We all know Reggie Mantle is a jerk. He's been a jerk since his introduction in 1942, Reggie has been the crowned price of mean at Riverdale high. In his new series, Reggie and Me, writer Tom DeFalco and artist Sandy Jarrell attempt to make his antics more human, and sympathetic.
As it stands in this series, everyone knows to steer clear of Reggie. Everyone except Archie and Veronica, who in the previous issue threw a party the same night as one of his parties, resulting in people bailing on him. This results in Reggie plotting something evil to get back at the two of them. It's important to note however, that Reggie only acts out because of his underlying abandonment issues, which issue 2 (and hopefully further comics) will elaborate on. We catch a glimpse of this in flashbacks, most notably with a younger Archie, Betty and Reggie. Archie and Reggie are teasing each other, and one way or another this results in Archie being knocked into a river. Betty goes to save him, demands Reggie to help, and then scolds him for hurting Archie. A distraught Reggie runs back home, to see his parents are gone for the evening. Without someone to comfort or listen to his side, Reggie is understandably upset.
Of course years of this kind of stuff do mess with a person. In Reggie's case he's learned to cope by being a jerk to everyone. However, it does seem that Reggie has a soft spot for Midge. Only problem, Midge is Moose's girlfriend. And Moose does not like other men even looking at Midge. Thankfully Moose would rather treat Reggie as a pal since Midge is so fond of him, but Reggie has other plans. The writing in this series is fantastic. DeFalco injects a sense of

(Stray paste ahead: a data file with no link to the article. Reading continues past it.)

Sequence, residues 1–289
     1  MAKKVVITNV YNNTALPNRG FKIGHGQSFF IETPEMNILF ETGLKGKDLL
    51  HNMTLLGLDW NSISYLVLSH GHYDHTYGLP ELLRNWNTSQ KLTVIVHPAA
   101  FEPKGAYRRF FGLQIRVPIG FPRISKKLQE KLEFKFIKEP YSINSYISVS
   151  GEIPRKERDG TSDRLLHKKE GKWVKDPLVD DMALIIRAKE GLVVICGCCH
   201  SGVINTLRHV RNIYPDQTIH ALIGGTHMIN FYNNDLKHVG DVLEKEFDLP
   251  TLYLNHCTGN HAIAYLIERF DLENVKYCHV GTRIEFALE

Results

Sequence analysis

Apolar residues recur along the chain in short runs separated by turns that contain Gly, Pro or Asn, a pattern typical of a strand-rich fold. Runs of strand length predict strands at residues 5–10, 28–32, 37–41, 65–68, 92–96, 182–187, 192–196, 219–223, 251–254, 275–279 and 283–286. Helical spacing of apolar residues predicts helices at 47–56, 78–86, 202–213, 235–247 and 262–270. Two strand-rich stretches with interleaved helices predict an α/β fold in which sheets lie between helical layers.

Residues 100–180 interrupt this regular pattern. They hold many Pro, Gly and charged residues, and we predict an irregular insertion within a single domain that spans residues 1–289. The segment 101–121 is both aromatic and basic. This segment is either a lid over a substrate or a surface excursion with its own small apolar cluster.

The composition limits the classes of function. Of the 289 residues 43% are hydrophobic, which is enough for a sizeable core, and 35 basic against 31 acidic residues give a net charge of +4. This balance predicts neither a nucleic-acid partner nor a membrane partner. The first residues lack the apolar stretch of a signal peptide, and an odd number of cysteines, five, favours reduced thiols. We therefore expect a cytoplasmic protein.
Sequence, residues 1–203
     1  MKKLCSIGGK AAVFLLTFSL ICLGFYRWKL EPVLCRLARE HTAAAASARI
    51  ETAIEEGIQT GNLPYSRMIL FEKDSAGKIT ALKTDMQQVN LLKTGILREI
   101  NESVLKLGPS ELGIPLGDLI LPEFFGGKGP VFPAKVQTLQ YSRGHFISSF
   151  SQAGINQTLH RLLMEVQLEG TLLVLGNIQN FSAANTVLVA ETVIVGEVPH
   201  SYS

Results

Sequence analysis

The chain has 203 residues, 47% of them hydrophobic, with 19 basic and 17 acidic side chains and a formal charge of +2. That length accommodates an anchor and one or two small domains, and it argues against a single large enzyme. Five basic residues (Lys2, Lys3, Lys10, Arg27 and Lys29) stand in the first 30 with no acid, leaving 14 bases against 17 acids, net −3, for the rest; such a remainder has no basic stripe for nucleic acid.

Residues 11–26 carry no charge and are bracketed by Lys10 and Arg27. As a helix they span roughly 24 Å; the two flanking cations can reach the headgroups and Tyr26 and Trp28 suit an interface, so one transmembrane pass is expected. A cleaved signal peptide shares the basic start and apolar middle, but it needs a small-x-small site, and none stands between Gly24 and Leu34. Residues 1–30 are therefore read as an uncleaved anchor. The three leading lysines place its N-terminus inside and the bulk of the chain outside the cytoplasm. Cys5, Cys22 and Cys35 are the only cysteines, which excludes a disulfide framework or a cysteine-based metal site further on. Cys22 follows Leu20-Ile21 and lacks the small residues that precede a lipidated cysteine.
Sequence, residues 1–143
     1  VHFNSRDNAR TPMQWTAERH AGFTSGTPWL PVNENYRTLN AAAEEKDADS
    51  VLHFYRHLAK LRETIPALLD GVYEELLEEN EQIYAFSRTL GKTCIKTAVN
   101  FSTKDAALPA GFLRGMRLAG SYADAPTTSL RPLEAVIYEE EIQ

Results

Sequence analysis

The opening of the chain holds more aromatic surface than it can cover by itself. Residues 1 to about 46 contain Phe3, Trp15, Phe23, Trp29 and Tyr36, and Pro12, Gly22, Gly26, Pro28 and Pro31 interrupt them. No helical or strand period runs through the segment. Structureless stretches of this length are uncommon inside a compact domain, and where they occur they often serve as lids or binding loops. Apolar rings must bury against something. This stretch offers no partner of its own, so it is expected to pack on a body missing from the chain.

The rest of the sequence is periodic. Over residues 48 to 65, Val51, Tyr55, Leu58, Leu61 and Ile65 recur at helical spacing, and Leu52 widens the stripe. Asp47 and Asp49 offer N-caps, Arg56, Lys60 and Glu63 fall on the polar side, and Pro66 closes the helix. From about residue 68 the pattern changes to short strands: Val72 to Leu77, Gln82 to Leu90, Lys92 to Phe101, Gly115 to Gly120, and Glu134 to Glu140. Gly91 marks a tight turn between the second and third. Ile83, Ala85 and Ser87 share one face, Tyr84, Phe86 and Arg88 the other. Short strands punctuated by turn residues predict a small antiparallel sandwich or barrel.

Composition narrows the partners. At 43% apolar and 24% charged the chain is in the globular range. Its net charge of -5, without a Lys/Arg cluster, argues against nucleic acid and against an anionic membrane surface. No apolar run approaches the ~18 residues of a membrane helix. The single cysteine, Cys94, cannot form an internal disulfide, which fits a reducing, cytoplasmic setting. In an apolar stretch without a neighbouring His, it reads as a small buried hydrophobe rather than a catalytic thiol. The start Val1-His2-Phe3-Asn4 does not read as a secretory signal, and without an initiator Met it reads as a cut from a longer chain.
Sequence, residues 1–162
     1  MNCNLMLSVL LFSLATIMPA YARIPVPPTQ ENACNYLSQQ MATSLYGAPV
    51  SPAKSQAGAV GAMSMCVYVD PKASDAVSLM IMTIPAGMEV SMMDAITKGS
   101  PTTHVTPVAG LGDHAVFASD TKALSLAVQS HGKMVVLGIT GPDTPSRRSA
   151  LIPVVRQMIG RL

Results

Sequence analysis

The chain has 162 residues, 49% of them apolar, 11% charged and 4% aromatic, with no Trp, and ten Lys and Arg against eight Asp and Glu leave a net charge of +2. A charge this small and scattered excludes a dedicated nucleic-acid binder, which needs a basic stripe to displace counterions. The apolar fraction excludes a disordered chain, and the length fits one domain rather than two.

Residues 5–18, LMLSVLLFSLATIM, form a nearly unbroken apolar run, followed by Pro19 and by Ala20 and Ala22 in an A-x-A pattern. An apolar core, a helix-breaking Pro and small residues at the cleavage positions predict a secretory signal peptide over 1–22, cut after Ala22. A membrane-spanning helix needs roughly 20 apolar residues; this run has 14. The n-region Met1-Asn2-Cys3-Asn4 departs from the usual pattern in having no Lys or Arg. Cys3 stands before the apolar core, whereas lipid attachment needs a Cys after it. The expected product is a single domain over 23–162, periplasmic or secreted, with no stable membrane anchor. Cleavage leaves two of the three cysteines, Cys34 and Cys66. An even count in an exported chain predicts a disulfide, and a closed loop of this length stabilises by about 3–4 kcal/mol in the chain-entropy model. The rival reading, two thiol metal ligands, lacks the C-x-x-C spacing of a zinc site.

tragedy and depth to Reggie, unlike what we've seen before. As previously mentioned, DeFalco makes the reader almost feel bad for Reggie. Of course this is all through the eyes of Reggie's dog, Vader. So while his dog may view him as the best human ever, we still know Reggie is still a jerk. But now he's a jerk with a tragic backstory. Jarrell's art style is fantastic. It's fluid and beautiful, and works well with the writing. The gags Jarrell draws are clever and reminiscent of classic Archie. For example, when Reggie throws a stick under Archie's feet, and he falls back onto Mr. Wetherbee. All in all, this is a great series to add to your pull list.
I also really enjoyed the inclusion of a Golden Age Reggie story at the end of the comic. Seriously, keep it up guys!